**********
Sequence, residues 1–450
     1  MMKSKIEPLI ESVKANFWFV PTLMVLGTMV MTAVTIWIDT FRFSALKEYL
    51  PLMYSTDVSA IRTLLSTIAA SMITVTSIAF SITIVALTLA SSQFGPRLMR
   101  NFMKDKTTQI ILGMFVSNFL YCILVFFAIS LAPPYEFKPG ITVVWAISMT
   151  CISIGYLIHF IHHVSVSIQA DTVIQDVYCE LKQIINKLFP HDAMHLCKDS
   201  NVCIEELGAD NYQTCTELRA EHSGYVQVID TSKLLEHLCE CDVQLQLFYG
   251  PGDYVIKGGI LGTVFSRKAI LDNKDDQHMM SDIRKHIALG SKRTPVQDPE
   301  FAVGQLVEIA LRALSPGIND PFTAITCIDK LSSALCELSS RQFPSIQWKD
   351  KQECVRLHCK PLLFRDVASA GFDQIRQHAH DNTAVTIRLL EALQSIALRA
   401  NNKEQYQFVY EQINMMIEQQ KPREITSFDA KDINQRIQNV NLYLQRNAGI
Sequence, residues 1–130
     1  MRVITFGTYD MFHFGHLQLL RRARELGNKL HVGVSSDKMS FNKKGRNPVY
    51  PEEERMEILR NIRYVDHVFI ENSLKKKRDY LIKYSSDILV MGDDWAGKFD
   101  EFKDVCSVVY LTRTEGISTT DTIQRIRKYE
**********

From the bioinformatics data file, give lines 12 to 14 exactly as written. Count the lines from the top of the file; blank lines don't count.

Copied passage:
     1  MRVITFGTYD MFHFGHLQLL RRARELGNKL HVGVSSDKMS FNKKGRNPVY
    51  PEEERMEILR NIRYVDHVFI ENSLKKKRDY LIKYSSDILV MGDDWAGKFD
   101  EFKDVCSVVY LTRTEGISTT DTIQRIRKYE